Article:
According to the most recent data from Deloitte, which looked at board diversity changes between 2018 and 2020 across the Fortune 500, 38.3% of board seats were held by either women or other minority groups. Diving a little deeper into the data, women hold 26.5% of seats, minority women hold 11.8% of seats, minority men hold 5.7% of seats and ‘minorities’ more broadly hold 17.5% of seats. 

Whilst things have improved in recent years, there’s clearly still room for improvement. 

Commenting on its plans, Adena Friedman, President and CEO of Nasdaq, said: 

Nasdaq’s purpose is to champion inclusive growth and prosperity to power stronger economies. 

Our goal with this proposal is to provide a transparent framework for Nasdaq-listed companies to present their board composition and diversity philosophy effectively to all stakeholders; we believe this listing rule is one step in a broader journey to achieve inclusive representation across corporate America.

New research

Nasdaq’s new rules come into force at the same time as Imperial College Business School has published some new research on board diversity, which makes for some interesting reading.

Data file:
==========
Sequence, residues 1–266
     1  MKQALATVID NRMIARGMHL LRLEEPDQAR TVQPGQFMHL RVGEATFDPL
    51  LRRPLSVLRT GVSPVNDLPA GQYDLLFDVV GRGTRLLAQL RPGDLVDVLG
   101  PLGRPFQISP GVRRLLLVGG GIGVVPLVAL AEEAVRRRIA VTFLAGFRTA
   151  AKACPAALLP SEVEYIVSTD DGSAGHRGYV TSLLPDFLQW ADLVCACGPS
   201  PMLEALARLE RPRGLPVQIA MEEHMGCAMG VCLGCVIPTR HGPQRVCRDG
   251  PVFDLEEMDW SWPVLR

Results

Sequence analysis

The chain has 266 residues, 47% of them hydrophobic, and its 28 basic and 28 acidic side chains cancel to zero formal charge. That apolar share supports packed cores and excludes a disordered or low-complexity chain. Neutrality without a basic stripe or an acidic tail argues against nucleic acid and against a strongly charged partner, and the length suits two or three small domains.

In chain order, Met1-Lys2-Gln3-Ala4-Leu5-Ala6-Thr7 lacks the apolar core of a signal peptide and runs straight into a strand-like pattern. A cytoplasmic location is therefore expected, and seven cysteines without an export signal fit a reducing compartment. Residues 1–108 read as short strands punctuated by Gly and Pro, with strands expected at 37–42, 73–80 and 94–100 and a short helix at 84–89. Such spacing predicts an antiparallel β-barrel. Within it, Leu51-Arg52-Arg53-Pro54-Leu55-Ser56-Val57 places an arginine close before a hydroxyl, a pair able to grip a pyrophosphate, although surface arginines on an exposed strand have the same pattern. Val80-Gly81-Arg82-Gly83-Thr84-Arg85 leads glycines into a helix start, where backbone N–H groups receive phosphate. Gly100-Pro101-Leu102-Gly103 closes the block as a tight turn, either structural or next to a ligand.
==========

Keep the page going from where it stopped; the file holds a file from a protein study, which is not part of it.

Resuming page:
The researchers looked at data collated on the boards of 733 US listed firms over 15 years, which resulted in a total of 6,672 firm observations. They were able to identify both the expertise and ascriptive diversity of the board and the changes that were made when these firms were underperforming. 

What’s interesting is that, according to the findings, businesses are more likely to sacrifice gender and racial diversity on their boards when they are underperforming compared to their competitors or during times of greater productivity. 

The research shows, however, that when the Chairs of company boards are from underrepresented groups based on gender or minority ethnic groups themselves, they are less likely to reduce the diversity of a board to fix any performance problems.